GREENBERG, Circuit Judge.
This matter comes on before this court on appeal from decisions of the United States Tax Court entered April 9, 2001, in accordance with its opinion filed July 31, 2000, upholding the determination of the Commissioner of Internal Revenue that contributions made by appellants, two professional medical corporations, Neonatology Associates, P.A. and Lakewood Radiology, P.A., into Voluntary Employees Beneficiary Program (VEBA) plans in excess of the cost of term life insurance were taxable constructive dividends to the physicians owning the corporations and their spouses rather than employer deductible expenses. See Neonatology Assoc., P.A. v. Comm'r, 115 T.C. 43, 2000 WL 1048512 (2000). We refer to the corporations and individuals collectively as "taxpayers." The consequences of the decisions were substantial for the taxpayers inasmuch as the professional medical corporations were denied deductions they had taken for the contributions and the individuals were charged with significant additional taxable dividend income. The court held further that the individual taxpayers were liable for accuracy-related negligence penalties under I.R.C. § 6662(a).
Our examination of the record convinces us that the contributions at the heart of this dispute were so far in excess of the cost of annual life insurance protection that they could not plausibly qualify as ordinary and necessary business expenses in accordance with I.R.C. § 162. In essence, the physicians adopted a specially crafted framework to circumvent the intent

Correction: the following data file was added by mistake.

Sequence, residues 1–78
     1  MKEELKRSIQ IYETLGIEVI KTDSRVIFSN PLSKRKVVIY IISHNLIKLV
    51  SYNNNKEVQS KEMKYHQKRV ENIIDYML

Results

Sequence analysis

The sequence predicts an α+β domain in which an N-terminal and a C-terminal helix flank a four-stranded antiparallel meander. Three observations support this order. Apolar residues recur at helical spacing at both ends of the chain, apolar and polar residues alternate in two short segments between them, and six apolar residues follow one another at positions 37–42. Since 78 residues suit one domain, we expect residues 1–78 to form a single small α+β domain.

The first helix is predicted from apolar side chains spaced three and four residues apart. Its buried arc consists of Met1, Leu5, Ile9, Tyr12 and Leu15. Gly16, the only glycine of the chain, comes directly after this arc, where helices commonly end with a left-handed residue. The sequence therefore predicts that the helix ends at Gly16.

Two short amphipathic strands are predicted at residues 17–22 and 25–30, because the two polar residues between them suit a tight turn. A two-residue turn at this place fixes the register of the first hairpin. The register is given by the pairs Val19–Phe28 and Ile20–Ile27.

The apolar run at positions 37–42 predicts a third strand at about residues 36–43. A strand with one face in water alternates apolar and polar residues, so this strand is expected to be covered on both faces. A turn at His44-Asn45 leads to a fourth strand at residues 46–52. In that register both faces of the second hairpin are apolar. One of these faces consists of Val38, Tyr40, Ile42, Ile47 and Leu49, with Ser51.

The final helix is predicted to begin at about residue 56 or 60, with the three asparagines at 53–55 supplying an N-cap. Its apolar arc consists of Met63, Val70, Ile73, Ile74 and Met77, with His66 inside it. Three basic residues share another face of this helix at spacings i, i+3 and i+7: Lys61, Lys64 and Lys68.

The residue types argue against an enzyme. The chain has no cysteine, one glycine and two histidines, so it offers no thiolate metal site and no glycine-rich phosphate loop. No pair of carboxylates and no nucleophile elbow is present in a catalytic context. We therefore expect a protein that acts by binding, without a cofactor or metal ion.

The evidence at the trial disclosed the following facts. Neonatology is a New Jersey professional corporation owned by Dr. Ophelia J. Mall. Lakewood is a New Jersey professional corporation owned equally at the times material here by Drs. Arthur Hirshkowitz, Akhilesh Desai, Kevin McManus, and Steven Sobo until his death on September 23, 1993. Subsequently Dr. Vijay Sankhla, who is not a party to this action, purchased Sobo's interest. The spouses of the doctors, John Mall, Lois Hirshkowitz, Dipti Desai, Cheryl MacManus, and Bonnie Sobo, are parties to this action as the doctors and their spouses filed joint income tax returns. In addition, Bonnie Sobo is a party as executrix of her husband's estate.
Following the enactment of the Tax Reform Act of 1986(TRA), Pub.L. 99-514, 100 Stat.2085, insurance salesmen Stephen Ross and Donald Murphy formed Pacific Executive Services (PES), a California partnership designed to provides services to retirement plan administrators and employee benefit advisors unfamiliar with the impact of the TRA. See App. at 377. Specifically, Ross and Murphy devised a program to allow closely held corporations to "create a tax deduction for [ ] contributions to [an] employee welfare benefit plan going in and a permanent tax deferral coming out." App. at 2672.
To achieve this end, PES created two voluntary employees' beneficiary associations, the Southern California Medical Profession Association VEBA (SC VEBA) and the New Jersey Medical Profession Association VEBA (NJ VEBA).